Gibson Dunn's ex-Dubai partner Peter Gray struck off for deliberately misleading London High Court in Djibouti litigation
Peter Gray, an ex-Dubai partner of international law firm Gibson, Dunn & Crutcher, has landed into trouble after his bid to clear his name failed after he was struck off as a penalty for deliberately misleading the London High Court.
The Solicitors Disciplinary Tribunal (SDT) has found Gray guilty of consciously misleading the London Court by failing to draw attention to an error in evidence that had a profound impact on the outcome of a successful application for a freezing order.
The incident dates back to March 2015 when Justice Flaux found that Gray had deliberately misled him when applying for an order on behalf of his client, the Republic of Djibouti, to freeze the assets of a prominent citizen.
Justice Flaux had relied on telephone transcripts in granting the order that helped convict Abdourahman Boreh of terrorism in his absence. This led to an extradition request from Dubai that formed a key part of the application.
A member of Gray's team had alerted him shortly before the London hearing that the transcripts were wrongly dated, thereby throwing Boreh's conviction into doubt.
The SDT said that minutes of a subsequent meeting recorded the respondent as having said that they were going to fudge the dating issue in the freezing injunction application.
The Tribunal found that Gray had acted dishonestly by swearing an affidavit in support of the application which he knew to be misleading; allowing misleading submissions to be made to the Court, and misleading the solicitors appearing for the opposing side.
It said Gray had taken a strategic decision to rely on the extradition request for the freezing injunction 'and did so in a misleading manner.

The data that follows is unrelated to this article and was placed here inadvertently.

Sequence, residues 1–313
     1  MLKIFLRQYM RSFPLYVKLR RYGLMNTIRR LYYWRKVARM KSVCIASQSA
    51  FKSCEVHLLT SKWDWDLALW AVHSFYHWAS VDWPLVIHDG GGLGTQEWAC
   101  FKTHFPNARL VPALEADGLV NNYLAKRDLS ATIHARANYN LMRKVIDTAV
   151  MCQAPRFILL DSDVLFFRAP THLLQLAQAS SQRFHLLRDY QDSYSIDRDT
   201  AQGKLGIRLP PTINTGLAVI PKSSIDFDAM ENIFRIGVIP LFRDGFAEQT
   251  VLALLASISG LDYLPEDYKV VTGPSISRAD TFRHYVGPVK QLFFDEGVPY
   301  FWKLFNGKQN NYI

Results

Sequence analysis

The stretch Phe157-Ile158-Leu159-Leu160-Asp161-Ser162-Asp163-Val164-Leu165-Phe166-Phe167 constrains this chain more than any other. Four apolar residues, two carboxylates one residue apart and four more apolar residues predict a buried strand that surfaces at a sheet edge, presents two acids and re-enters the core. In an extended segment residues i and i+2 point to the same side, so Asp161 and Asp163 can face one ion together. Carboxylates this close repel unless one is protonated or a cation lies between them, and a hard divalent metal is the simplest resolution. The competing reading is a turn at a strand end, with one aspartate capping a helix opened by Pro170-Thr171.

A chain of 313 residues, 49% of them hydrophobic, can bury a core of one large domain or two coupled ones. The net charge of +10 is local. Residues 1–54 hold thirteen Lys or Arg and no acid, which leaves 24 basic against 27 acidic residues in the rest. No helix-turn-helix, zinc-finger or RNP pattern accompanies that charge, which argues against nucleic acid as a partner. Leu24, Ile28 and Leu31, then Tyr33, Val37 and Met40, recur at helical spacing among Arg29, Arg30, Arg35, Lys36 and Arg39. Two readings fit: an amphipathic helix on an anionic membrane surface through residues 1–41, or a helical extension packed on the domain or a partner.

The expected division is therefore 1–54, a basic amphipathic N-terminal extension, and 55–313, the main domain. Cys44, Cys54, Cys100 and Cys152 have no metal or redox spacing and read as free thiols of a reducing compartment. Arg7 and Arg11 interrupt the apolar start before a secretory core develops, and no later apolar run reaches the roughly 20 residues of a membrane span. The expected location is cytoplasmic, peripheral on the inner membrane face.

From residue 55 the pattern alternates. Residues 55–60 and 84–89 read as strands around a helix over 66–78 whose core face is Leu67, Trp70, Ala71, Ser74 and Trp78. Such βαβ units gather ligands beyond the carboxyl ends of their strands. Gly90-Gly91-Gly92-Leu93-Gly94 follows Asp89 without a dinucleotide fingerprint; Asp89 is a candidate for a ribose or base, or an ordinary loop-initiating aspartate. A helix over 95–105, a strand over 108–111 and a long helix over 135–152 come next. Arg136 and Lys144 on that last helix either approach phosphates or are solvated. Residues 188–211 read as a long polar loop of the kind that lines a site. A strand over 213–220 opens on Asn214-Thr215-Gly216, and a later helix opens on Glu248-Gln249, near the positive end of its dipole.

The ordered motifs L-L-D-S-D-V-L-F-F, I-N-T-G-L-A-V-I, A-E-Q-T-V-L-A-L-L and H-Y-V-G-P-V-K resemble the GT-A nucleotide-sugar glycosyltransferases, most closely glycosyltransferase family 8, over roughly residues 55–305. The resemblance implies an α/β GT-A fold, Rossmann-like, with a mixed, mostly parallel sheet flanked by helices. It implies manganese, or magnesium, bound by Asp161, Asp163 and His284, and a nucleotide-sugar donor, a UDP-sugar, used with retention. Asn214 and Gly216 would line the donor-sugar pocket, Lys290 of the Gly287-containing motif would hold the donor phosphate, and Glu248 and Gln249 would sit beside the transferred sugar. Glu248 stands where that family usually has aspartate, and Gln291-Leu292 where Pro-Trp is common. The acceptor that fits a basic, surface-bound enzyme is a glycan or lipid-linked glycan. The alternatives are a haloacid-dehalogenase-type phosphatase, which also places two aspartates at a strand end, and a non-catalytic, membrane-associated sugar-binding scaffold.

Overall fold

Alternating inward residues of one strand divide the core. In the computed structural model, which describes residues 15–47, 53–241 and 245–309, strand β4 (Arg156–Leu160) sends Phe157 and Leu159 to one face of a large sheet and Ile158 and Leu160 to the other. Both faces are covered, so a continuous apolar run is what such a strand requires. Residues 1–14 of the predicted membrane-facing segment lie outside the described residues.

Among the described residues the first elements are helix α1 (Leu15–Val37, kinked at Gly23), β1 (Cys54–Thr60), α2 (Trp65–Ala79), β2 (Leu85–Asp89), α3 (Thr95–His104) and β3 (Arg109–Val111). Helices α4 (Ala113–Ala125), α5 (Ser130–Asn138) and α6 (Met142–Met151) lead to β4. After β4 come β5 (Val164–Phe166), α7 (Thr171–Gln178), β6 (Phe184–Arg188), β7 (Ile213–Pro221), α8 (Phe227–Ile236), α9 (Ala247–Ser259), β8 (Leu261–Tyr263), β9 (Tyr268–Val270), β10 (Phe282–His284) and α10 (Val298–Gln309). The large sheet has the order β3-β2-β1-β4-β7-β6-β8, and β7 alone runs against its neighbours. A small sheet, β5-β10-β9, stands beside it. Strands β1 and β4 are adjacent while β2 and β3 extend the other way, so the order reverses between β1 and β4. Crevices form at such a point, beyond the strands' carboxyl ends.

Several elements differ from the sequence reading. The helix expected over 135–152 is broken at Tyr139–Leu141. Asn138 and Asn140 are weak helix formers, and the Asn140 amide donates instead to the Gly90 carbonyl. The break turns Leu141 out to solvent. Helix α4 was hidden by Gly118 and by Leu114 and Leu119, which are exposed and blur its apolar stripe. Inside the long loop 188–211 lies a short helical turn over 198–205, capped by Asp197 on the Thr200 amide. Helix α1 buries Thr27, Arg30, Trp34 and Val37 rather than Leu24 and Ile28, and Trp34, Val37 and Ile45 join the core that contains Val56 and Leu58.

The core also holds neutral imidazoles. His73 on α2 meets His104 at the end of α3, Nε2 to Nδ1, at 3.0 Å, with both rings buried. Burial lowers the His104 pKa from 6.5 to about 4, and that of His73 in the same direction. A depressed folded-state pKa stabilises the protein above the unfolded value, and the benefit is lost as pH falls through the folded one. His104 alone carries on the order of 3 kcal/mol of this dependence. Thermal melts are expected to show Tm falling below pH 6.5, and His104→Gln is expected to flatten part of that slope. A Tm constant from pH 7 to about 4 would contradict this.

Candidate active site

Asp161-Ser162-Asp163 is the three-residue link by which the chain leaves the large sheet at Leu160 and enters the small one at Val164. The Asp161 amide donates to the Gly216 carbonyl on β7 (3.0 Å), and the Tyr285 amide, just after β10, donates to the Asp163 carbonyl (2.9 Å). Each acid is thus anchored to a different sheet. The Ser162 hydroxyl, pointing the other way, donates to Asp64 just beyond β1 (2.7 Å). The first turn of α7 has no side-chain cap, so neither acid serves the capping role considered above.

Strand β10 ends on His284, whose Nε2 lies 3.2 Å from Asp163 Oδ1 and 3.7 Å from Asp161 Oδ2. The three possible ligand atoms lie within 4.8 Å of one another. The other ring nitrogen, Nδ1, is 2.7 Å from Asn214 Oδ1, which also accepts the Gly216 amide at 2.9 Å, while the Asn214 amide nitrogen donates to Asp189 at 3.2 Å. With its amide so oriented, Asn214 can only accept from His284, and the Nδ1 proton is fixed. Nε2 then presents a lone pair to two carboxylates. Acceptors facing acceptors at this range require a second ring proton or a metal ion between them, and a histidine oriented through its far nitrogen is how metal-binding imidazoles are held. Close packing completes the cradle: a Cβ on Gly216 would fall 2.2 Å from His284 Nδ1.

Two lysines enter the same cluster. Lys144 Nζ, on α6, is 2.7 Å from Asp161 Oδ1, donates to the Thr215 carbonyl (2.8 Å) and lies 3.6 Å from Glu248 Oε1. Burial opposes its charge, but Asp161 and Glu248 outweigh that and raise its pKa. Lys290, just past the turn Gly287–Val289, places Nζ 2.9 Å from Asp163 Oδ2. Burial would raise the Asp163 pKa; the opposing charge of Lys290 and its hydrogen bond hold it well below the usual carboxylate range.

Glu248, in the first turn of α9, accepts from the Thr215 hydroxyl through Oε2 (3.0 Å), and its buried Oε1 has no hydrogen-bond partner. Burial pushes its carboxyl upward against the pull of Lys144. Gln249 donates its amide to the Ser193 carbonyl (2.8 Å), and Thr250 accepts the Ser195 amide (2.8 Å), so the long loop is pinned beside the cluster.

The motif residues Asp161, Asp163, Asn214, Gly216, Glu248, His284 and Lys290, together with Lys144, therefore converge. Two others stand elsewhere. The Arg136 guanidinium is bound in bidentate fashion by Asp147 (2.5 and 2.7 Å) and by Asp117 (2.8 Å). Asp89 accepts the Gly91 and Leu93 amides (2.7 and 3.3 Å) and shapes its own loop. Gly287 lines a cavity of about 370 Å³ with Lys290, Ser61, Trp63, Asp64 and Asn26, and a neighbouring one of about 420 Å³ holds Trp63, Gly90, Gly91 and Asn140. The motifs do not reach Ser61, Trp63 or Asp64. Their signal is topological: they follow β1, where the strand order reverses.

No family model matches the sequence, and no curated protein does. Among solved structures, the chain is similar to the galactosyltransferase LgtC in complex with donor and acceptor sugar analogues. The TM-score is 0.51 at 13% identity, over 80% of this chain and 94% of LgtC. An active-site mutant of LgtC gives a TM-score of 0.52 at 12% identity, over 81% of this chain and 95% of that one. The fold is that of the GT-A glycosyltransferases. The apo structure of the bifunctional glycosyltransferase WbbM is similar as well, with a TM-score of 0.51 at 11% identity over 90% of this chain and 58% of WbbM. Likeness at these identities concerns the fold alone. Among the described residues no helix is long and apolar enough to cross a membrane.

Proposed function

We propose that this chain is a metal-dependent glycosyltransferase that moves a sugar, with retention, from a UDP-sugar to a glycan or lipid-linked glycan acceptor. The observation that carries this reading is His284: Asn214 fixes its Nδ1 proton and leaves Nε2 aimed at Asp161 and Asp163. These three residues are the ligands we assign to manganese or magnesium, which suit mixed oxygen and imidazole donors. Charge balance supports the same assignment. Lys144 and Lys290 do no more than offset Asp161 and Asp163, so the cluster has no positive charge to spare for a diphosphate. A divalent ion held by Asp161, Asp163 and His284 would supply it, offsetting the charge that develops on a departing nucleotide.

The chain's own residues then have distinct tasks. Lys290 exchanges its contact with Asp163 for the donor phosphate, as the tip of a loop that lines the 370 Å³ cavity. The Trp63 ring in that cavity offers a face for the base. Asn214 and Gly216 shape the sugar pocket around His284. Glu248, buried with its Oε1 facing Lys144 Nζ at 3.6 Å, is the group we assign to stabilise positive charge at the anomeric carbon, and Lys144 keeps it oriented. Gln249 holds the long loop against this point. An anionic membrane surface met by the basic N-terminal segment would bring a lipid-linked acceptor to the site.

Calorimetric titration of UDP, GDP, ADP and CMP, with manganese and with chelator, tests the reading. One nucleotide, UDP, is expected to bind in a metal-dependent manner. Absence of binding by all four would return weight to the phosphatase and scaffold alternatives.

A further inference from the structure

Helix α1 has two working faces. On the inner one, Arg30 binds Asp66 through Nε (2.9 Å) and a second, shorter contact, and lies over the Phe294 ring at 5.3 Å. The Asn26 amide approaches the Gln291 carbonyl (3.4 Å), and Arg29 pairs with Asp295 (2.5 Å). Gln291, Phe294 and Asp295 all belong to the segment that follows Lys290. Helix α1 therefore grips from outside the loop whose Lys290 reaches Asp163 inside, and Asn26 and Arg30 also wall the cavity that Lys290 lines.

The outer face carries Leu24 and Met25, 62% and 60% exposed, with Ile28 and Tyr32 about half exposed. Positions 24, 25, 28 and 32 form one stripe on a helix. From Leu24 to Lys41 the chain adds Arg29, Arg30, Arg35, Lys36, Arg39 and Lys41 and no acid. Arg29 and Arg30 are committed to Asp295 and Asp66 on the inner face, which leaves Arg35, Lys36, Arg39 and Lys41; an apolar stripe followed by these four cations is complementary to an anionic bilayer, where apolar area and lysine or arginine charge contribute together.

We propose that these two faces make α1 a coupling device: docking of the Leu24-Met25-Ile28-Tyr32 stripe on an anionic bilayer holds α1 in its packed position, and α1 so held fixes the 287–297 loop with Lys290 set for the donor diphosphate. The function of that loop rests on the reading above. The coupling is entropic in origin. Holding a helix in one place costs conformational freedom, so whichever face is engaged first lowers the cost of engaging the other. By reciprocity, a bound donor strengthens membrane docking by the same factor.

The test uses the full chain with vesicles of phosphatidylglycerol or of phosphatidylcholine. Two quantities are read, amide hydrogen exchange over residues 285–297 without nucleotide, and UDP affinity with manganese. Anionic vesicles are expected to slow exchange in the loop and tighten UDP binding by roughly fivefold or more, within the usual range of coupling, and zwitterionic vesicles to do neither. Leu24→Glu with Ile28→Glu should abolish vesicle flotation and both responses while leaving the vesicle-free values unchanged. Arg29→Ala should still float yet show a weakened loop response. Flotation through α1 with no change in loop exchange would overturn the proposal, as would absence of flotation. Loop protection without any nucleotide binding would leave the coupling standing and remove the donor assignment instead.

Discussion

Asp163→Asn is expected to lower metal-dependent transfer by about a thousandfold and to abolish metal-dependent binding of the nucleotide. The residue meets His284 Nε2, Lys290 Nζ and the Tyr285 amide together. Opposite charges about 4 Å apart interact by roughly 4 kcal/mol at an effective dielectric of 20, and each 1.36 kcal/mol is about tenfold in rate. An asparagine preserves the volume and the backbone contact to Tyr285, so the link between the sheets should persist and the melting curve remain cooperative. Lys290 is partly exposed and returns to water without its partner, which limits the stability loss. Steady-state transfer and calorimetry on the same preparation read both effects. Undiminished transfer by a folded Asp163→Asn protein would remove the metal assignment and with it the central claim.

The SDT pointed out that the affidavit "laboured the severity of the fact that Mr Boreh had been convicted of terrorism offences and sentenced to 15 years imprisonment by the Djibouti Court. It failed to mention or address the fact that the conviction was predicated on the erroneously dated transcripts."
Gray's counsel, Lewis MacDonald, of 2 Hare Court, failed to impress the Tribunal when he sought opportunity to publicly clear his name since while submitting a long list of reasons why the respondent's actions were neither deliberate nor dishonest that included a total lack of a plausible motive, a heavy workload and hectic travel schedule that peaked during the dates covering the allegations.
"It would be perverse to disregard the contemporaneous documentary evidence in favour of the character evidence adduced on the respondent's behalf," the SDT said. It also ruled that his workload and the fact the case involved a large team 'spread over many different jurisdictions' and without a London partner did not abdicate his responsibility.
"Lack of plausible motive was not a determinative factor in considering whether the respondent was dishonest on the facts of the case," the Tribunal held.